If you believe that your work is esoteric, overspecialized, trivial, useless, of interest to nobody else, then it will be difficult to develop a happy relationship to it. In the humanities we often refer to our own work in these disparaging terms, thus internalizing what we think of as the larger society's vision of our work, and alienating ourselves from our sources of strength. We only do this work to get a line on our cv, for promotion, tenure, to get the next degree, etc... Right?
The "the humanities will save civilization" rhetoric does not really help, either. If only people studied humanities, then they would be great critical thinkers and citizens, and would never vote for Republicans. I'm sure you've all heard those arguments.
No. The answer is to remember that the exercise of the human intelligence is the greatest thing ever. Work that employs and expands the human intelligence can never be without value. In my case, I know for a fact that poetry is the greatest and most complex art form possible. The study of poetry is a marvelous thing, because it is one kind of intelligence applied to another. I get to match myself against Lorca every day and find myself wanting.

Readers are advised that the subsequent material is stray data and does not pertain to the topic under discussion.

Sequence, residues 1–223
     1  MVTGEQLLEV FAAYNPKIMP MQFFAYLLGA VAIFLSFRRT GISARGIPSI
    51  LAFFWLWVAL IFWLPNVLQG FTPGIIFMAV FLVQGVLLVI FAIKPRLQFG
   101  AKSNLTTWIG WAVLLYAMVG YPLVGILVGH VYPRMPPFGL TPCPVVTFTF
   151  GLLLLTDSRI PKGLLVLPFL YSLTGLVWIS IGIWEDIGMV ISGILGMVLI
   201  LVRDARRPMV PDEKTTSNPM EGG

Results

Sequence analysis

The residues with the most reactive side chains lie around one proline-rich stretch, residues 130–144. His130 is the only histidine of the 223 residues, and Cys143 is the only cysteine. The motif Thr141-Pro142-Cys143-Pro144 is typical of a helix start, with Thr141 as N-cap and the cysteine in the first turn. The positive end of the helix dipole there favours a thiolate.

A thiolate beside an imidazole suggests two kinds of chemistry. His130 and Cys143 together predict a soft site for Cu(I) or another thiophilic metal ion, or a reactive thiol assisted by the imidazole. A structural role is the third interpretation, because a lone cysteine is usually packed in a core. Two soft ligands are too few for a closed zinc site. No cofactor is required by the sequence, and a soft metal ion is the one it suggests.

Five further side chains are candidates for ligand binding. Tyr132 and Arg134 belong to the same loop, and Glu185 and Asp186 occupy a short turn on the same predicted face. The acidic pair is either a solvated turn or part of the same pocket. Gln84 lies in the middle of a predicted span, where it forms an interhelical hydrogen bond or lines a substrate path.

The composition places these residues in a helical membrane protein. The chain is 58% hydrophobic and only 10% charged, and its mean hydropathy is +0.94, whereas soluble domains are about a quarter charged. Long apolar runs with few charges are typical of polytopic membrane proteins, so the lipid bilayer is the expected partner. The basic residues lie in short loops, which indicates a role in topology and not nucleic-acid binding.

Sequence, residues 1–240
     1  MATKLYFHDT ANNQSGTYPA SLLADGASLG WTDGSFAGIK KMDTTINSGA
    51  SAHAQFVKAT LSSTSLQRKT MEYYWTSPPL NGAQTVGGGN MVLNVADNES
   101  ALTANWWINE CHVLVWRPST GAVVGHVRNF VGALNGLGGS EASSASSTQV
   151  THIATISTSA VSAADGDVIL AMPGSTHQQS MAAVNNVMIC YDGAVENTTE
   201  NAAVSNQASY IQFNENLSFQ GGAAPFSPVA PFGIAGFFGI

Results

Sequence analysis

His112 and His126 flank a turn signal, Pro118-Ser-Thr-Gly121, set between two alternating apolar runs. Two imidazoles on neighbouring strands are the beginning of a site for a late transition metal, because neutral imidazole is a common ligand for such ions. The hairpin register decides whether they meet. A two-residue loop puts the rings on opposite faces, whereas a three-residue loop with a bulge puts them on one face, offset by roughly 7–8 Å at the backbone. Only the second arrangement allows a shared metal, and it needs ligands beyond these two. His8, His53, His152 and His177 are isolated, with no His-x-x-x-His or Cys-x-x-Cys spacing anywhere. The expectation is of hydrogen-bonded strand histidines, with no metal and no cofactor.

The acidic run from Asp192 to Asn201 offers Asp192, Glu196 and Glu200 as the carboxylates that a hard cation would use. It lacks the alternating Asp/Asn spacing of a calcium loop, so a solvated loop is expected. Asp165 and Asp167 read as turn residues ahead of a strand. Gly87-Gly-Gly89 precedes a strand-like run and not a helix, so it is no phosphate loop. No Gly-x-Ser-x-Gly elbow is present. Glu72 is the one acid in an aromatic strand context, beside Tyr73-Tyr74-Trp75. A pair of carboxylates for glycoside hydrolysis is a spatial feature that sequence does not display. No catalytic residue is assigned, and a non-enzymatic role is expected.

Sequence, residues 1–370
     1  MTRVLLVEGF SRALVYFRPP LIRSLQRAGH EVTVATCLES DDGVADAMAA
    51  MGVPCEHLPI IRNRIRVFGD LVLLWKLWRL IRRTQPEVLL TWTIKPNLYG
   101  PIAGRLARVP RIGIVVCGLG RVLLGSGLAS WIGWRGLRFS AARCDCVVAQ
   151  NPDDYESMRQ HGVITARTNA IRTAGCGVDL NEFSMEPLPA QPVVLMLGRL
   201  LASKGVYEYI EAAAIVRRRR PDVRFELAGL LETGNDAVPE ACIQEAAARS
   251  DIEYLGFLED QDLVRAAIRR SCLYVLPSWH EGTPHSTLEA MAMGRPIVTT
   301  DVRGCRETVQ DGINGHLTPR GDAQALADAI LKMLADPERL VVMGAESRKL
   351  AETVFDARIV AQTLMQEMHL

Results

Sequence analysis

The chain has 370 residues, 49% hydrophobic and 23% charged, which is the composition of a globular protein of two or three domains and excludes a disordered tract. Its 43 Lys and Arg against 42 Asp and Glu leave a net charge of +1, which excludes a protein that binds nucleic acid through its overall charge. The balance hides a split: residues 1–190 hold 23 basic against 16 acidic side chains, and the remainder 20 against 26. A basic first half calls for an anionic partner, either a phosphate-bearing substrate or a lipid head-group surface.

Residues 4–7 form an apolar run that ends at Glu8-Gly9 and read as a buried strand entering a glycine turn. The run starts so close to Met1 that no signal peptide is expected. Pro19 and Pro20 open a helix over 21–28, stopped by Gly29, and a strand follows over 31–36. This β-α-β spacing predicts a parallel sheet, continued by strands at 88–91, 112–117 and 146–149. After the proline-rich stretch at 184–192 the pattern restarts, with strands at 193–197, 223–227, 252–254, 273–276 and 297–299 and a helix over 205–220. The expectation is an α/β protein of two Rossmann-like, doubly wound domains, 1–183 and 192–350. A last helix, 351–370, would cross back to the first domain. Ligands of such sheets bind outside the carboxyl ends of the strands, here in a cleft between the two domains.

(When I meet people and they see the attitude I have to my work, they don't think it's useless any more. Usually it's more like "Hey, that's pretty interesting.")
You don't have to agree with me about my particular reasons for valuing my own work. I don't really care. I know my work is valuable, but what about yours? At some core level, don't you think that what you are doing is the most important thing that anyone can do? Or at least the thing that you ought to be doing?
Then you can be happily engaged in your research and writing, deriving satisfaction from it. Knowing you can do it well is just one component: you also have to believe it is worth doing.